As heroin addiction and abuse continues to devastate both individuals in small cities and those in large metropolitan areas, many doctors and teachers and therapists are turning to law enforcement and government officials for answers as to what may be an effective means of minimizing and ultimately eliminating the use and abuse of this deadly drug. In New York, law makers are taking the problem of heroin addiction very seriously as the Senate proposes 25 different laws aimed specifically at heron abuse.
Bills Vary in Scope and Intention
Most people involved with heroin addiction in any way, whether it is as a recovering addict, loved one, therapist, or law enforcement officer, know that heroin addiction is a complicated problem that may certainly require a complex number of solutions. This is why the bills being proposed to the New York Senate cover a number of different types of programs that will play their own unique role in helping end the heroin epidemic. Some of the programs are focused on prevention. These programs focus on things like education for young people and access to drug prevention programs for all schools. Other proposed bills look at the process of treatment from a medical stand point, and are focused on ensuring that patients who suffer from addiction are not denied coverage for treatment by their health insurance providers. One piece of legislation would require health insurance companies to continue paying for a patient’s treatment program, even if some dispute was in place arguing against that patient’s need for treatment. Other bills are more focused on the law enforcement aspect of prevention, which is aimed at stopping the distribution of heroin. These laws would increase punishment for dealers and also may include limits on the number of opiates (which are derived from the same substance as heroin) that can be prescribed to one particular patient.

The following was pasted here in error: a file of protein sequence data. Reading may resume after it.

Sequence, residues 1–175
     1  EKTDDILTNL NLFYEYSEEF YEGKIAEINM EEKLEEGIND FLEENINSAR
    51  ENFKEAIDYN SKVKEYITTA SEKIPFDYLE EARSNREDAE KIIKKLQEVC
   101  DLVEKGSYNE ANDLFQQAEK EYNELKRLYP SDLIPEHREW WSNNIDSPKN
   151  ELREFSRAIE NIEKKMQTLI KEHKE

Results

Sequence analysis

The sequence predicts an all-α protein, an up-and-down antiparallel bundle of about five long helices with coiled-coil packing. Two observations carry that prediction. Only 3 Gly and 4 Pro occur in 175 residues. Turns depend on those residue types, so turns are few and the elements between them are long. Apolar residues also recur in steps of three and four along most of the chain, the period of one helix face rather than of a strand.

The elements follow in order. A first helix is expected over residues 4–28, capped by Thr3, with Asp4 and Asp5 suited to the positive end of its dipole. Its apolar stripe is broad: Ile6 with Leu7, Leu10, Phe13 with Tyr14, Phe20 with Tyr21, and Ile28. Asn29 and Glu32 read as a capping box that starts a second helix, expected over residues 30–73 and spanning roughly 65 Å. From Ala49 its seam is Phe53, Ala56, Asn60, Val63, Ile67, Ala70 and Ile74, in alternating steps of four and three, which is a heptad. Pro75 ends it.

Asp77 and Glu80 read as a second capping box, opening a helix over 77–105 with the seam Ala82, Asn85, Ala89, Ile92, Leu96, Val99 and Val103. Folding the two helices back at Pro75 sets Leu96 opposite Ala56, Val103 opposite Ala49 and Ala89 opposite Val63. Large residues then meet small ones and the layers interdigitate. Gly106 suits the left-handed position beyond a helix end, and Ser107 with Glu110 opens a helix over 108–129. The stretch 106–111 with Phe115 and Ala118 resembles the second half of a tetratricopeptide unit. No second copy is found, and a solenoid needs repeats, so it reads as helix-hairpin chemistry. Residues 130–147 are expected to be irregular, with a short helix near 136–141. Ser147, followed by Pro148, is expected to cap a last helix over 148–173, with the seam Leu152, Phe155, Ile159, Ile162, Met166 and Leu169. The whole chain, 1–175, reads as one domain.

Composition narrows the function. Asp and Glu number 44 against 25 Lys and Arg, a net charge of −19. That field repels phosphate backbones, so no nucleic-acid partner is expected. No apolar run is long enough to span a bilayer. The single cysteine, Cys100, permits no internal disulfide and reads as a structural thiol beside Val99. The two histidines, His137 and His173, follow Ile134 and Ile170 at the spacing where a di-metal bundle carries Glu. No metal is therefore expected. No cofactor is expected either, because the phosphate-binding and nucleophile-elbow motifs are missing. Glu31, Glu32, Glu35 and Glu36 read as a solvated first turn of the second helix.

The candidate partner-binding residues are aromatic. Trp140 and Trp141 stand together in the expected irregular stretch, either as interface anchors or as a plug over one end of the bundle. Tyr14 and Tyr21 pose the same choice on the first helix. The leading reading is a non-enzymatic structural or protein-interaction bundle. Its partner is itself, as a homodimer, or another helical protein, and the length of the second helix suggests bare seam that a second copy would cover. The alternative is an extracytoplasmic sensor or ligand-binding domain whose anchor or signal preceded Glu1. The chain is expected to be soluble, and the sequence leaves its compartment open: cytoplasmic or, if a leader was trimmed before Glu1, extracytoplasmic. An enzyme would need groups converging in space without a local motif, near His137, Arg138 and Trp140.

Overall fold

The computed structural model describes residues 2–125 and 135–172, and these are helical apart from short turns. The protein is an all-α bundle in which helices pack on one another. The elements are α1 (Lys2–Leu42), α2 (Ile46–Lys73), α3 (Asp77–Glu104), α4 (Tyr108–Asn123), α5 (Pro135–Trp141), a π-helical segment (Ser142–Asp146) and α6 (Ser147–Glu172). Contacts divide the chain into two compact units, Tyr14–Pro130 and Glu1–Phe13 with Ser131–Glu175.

Questions About Costs Associated With Proposed Bills
Critics of the proposed bills argue that many of them would present additional costs for the state and thus tax payers. The state of New York is, in fact, one of the majority of states that is facing problems surrounding its budget. Proponents of the bills argue the critiques about their costs are short sided. While there may be some costs associated with things like prevention measures, these expenses would likely save a substantial amount of money in the future by decreasing the amount of people who face legal problems because of drug use and possession as well as the medical costs that are associated with providing treatment to those who cannot afford it.
The Problem is Wide Spanning
One of the bill’s strongest advocates has been Sen.Phil Boyle, R-Long Island, chairman of the Committee on Alcoholism and Drug Abuse, who stresses the need for urgent action and the legitimacy behind such a far reaching set of bills because of the fact that the deadly epidemic impacts New York residents "from Buffalo to Montauk, New York City, rural communities, everywhere throughout the state,”. New York is certainly not the only state struggling with heroin addiction. While the federal government continues to attempt to thwart the importation of the drug from other countries and to use DEA agents to crack down on distribution, many strategists believe that in order to effectively stop the epidemic from growing, state governments and even city governments will also have to work to do what they can to prevent the use and abuse of heroin in their areas. If New York is successful in passing much of this legislation, many other states will likely be watching and assessing the results.